Brett: That it's changing the emotional context within which all of your decisions are made.
Joe: That's right. Because neurologically speaking, you make decisions based on emotions, as what you are willing to feel and what you are willing not to feel, what you are excited to feel, what you are excited to feel, that you used to be horrified at feeling. That will really change a lot of the decisions you make.
Then there's another transformation that is created, not from the intellect or the emotion but from the sense of self. When that sense of self changes, those can be some of the biggest shifts that happen. It's an experience of deep freedom because usually when the sense of self transforms, it widens, it grows. It becomes less of a small thing, more of a big thing. So there's less to defend.
Brett: What's an example of that sense of self changing? What's a common example in one of your courses that someone might experience?
Joe: What would be somewhat common is, let's say there's a feeling of an abyss, a place in their life or their psyche that they don't want to look, a person doesn't want to look. Every time they kind of glance over it, they are like, “I don't want to look there.” Then all of a sudden they see it for what it is, and they see it as a direct path to freedom. They jump into it. They are like, “Oh, that's actually where I want to go.” It's very much the allegory of the cave, or Luke Skywalker going into the cave where they are just like okay, I am going to go and face that thing.
Oftentimes when that happens, the sense of self collapses in on itself in some way, particularly because we define ourselves in contrast to other things. The sense of self becomes more universal. If you were to think about yourself in this moment and say, “What am I? But I can't think of it in terms of what I am not. Therefore, I am a soul, but what that means is you're not material.” Or, “I am my thoughts.”, but that means you're not your body. If you think of yourself not in terms of a not, everytime one of things you think you're not, goes away and you find out you are that, too, then the sense of self changes.
Oftentimes, people avoid these big abysses, and when they don't, when they go into them, that sense of self completely shifts. Then there are some really shifts of sense of self that can happen, and those are the most disorienting transformations.
Brett: What kinds of situations can trigger these breakthroughs?
Joe: Almost anything. Deep depression often transforms people. Times of transition, stress, where the sense of self or your ideas or your emotional frameworks are not working, and so they have to change. Stress can change things. Sometimes just the truth smacking you in the face. You just have that moment where you are like fuck, that is not working. You can also just change people's contexts, like take a wealthy high falutin person and stick them in a ghetto with no money. They are going to have transformation, or vice versa. There's going to be a switch.
Brett: A change in perspective.
Joe: The change in perspective. It also changes who you think you are, because so much of who you think you are is based on context and what people tell you you are. If all of a sudden you aren't around people who tell you you are that, it starts to shift. Also, emotional fluidity is a big part of how transition changes. To have big emotional experiences, neurologically speaking, it allows you to reprogram some of the behavioral learnings you have. Big emotional experiences can do that. All of those things can trigger breakthroughs and transformation.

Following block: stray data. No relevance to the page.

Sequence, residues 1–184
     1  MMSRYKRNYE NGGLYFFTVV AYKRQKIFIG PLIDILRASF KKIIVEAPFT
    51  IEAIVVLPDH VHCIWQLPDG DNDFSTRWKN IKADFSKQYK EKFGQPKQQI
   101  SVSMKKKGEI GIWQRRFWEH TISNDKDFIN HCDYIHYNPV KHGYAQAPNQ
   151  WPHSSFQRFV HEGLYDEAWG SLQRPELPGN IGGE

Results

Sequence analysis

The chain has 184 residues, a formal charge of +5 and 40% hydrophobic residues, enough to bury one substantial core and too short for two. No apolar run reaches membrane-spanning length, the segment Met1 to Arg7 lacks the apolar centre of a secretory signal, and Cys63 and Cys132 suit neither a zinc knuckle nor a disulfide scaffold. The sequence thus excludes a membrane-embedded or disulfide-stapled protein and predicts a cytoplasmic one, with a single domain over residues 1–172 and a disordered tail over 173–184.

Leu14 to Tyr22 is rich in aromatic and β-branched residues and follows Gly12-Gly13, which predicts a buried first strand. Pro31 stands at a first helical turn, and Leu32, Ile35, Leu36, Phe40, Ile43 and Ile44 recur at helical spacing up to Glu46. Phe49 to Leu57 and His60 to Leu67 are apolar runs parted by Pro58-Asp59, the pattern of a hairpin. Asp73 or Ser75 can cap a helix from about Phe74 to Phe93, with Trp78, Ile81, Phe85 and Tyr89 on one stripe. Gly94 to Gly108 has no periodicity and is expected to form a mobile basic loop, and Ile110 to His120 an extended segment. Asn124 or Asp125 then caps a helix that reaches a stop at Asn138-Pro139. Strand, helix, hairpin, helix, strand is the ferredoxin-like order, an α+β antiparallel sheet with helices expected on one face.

Brett: What does transformation look like deep in the process? What different ways can it show up?
Joe: Literally, almost any way you can imagine. For instance, if we talk about the awakening sense in the Zen, Buddhist sense of awakening. Everybody says awakening, and it can mean so many different things. But we are talking about that moment when the sense of self dissolves into universal, where you see that you are everything and everything is you. That moment of awakening particularly is what I am talking about here.
For some people, they don't even notice it. It is such a gradual thing. It is like months after it happened, they look back and they are like oh, holy crap. For some people, people like Byron Katie or Eckhart Tolle, it is like they are in the deepest depression and the next day they have this utter freedom. For some people, it looks like Zen sickness where they have that epiphany. The Zen have a word for it called Zen sickness, where the sense of self shifts out of you, so you aren't you anymore. Everything is you. You feel depersonalized.
I was talking to a psychologist who was a mediator and had some awakening experiences. He was saying a good percentage of what people call depersonalization disorder is like a Zen sickness of awakening, where you get that feeling of not being just you, but you don't like it so you try to stop it. You are like, “Er!” That tension creates a tremendous amount of dis-ease in your system. If you go on to the depersonalization disorder websites, and you look at people talking about when it happened and how it happened. It is like exactly awakening experiences that you read in religious texts. It is unbelievable. I mean to the letter kind of stuff.
So it can happen every way. It can be like a dark night of the soul. It can feel like the bottom fell out from underneath you, like you have no place to stand anymore. It can feel like absolute bliss and love.